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- University of Oxford professor Dirk Obbink is accused of stealing ancient Bible fragments and selling them to the Green Family, who own the craft company Hobby Lobby and the Museum of the Bible, a charitable organization and museum based in Washington, D.C., which they founded.
- The Egypt Exploration Society, a nonprofit that manages the collection where the fragments went missing, said Obbink sold 11 fragments to the family. In total, they’ve identified at least 13 missing Bible fragments.
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A celebrated University of Oxford professor, and recipient of the MacArthur “genius grant” award, allegedly stole ancient Bible fragments and sold them to the craft company Hobby Lobby.
On Monday, officials from Oxford’s Oxyrhynchus Papyri Project, which is housed in the university’s Sackler Library and is a collection comprised of thousands of ancient papyrus texts, released the results of a three-month inquiry into professor Dirk Obbink, who is still employed by the university. They allege that Obbink sold at least 11 fragments to the Green Family, the owners of Hobby Lobby, to donate to the Museum of the Bible, a charitable organization and museum based in Washington, D.C., which they founded.
The Egypt Exploration Society, which manages the Papyri Project, said in a statement that they were working with the Museum of the Bible to identify texts from its collection that are currently being held by the museum. They said they had identified at least 13 missing Bible fragments.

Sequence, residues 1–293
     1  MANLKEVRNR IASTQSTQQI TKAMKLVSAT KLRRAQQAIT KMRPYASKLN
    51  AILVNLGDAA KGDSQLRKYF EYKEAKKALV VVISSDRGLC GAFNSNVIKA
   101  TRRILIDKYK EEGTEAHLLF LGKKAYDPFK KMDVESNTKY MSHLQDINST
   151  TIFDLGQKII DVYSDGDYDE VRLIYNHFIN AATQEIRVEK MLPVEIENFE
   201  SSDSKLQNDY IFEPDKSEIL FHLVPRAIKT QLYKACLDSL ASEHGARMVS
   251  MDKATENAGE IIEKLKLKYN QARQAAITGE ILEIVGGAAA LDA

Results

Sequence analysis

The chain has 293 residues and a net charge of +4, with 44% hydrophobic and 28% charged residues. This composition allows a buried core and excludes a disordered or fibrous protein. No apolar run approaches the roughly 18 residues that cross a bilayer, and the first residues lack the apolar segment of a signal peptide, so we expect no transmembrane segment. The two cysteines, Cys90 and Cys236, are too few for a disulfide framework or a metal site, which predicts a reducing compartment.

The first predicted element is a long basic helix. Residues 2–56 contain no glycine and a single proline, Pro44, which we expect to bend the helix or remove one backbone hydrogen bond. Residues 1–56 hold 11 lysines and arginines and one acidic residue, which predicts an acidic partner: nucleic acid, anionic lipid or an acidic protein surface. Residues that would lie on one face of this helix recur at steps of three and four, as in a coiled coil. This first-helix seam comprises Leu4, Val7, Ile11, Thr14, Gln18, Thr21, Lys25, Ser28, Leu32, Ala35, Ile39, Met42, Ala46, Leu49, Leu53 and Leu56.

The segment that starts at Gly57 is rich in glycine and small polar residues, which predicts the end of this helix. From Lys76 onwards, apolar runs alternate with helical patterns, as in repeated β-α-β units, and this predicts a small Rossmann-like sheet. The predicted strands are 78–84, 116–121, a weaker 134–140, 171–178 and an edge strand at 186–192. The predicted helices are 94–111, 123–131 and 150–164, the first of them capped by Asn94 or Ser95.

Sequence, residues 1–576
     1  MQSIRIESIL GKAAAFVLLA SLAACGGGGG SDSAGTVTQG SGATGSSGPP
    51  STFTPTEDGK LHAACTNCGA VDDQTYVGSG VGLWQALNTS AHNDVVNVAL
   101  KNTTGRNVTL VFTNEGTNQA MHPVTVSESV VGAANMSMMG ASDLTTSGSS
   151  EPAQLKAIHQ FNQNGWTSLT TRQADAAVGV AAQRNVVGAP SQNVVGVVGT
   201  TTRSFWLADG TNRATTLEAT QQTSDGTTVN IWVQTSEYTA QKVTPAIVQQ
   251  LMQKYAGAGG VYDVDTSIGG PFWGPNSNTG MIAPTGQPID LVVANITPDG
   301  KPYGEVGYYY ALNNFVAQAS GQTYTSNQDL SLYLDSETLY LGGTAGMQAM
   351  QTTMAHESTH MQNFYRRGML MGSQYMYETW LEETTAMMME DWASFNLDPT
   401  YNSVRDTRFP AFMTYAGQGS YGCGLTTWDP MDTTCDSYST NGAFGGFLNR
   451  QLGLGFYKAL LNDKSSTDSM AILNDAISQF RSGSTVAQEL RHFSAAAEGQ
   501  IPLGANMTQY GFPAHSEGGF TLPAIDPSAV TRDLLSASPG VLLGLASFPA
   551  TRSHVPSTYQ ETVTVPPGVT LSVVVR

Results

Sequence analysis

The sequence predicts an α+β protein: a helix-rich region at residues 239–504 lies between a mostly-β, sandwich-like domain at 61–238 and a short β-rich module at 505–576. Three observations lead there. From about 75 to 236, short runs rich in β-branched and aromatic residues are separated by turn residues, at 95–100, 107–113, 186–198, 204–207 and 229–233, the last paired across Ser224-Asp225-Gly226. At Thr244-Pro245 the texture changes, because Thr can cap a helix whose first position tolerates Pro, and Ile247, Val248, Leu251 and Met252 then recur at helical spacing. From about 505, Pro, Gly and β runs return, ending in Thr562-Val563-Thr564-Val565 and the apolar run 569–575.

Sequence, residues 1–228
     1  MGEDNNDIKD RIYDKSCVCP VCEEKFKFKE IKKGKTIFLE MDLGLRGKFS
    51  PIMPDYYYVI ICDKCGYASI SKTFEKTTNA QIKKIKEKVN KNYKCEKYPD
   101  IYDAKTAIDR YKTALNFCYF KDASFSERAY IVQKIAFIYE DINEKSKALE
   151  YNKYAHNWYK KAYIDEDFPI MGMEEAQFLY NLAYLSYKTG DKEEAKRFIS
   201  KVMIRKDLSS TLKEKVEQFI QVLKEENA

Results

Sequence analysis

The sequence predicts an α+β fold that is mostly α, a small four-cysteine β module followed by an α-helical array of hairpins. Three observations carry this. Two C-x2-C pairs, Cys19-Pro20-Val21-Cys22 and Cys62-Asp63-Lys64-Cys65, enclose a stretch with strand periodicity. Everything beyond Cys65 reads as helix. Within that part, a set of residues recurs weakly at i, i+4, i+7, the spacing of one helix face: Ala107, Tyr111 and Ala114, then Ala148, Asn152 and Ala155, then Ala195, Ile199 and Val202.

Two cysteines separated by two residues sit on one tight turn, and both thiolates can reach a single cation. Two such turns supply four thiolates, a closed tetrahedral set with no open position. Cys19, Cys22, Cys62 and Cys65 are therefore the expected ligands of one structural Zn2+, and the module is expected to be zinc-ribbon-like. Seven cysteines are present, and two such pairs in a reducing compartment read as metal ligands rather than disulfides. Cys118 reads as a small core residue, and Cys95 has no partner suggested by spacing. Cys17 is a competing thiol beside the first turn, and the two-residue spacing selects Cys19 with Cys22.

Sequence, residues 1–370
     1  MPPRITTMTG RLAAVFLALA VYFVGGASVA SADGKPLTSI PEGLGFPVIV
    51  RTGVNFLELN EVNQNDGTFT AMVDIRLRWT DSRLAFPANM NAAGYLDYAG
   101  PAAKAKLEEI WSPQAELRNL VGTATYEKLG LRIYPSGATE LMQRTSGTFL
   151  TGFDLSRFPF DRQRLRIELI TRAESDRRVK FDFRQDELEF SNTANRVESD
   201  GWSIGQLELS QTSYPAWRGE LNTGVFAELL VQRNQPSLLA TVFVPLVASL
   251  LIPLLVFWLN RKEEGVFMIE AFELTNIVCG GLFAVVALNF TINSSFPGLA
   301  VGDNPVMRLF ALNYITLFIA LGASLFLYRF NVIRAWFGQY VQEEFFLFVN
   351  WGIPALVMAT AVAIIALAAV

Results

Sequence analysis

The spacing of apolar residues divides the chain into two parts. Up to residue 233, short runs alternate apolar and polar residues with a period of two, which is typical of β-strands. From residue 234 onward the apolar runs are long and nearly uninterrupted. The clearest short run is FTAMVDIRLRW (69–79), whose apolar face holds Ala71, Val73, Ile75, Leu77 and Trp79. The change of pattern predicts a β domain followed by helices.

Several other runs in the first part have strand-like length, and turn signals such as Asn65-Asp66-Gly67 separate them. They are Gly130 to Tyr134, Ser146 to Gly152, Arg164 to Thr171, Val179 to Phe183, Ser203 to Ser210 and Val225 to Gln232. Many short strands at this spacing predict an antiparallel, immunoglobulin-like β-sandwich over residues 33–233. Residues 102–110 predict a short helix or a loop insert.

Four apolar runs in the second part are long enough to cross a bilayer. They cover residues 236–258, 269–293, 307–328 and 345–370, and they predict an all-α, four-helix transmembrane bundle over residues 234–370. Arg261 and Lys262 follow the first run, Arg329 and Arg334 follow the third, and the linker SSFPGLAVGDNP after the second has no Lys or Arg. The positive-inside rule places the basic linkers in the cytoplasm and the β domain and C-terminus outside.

“The Board of Trustees of the MOTB has accepted the EES claim to ownership of the thirteen pieces identified to date, and is arranging to return them to the EES,” the Egypt Exploration Society said in the statement. “The MOTB has informed the EES that 11 of these pieces came into its care after being sold to Hobby Lobby Stores by Professor Obbink, most of them in two batches in 2010.”
In a previous statement to the Daily Beast, Obbink denied selling the fragments.
A puzzling theft
The Egypt Exploration Society began investigating the missing fragments in June, which included papyrus passages from Genesis, Exodus, and Psalms, among other ancient texts. Obbink allegedly sold the fragments to Hobby Lobby in two batches in 2010.
A spokesperson for the Museum of the Bible told Insider that former employees, who have not been with the museum since 2012, were the ones to acquire the fragments.
“The items referenced were acquired by Hobby Lobby Stores in good faith between 2010 and 2013, but sold by a known expert from Oxford University, which is currently investigating ‘the removal from University premises and alleged sale of EES texts,'” the museum said in a statement.
The University of Oxford confirmed that they are engaging with the Egypt Exploration Society with regard to the allegations, in addition to conducting its own internal investigation into the matter.
Insider has reached out to Obbink for comment in response to the allegations.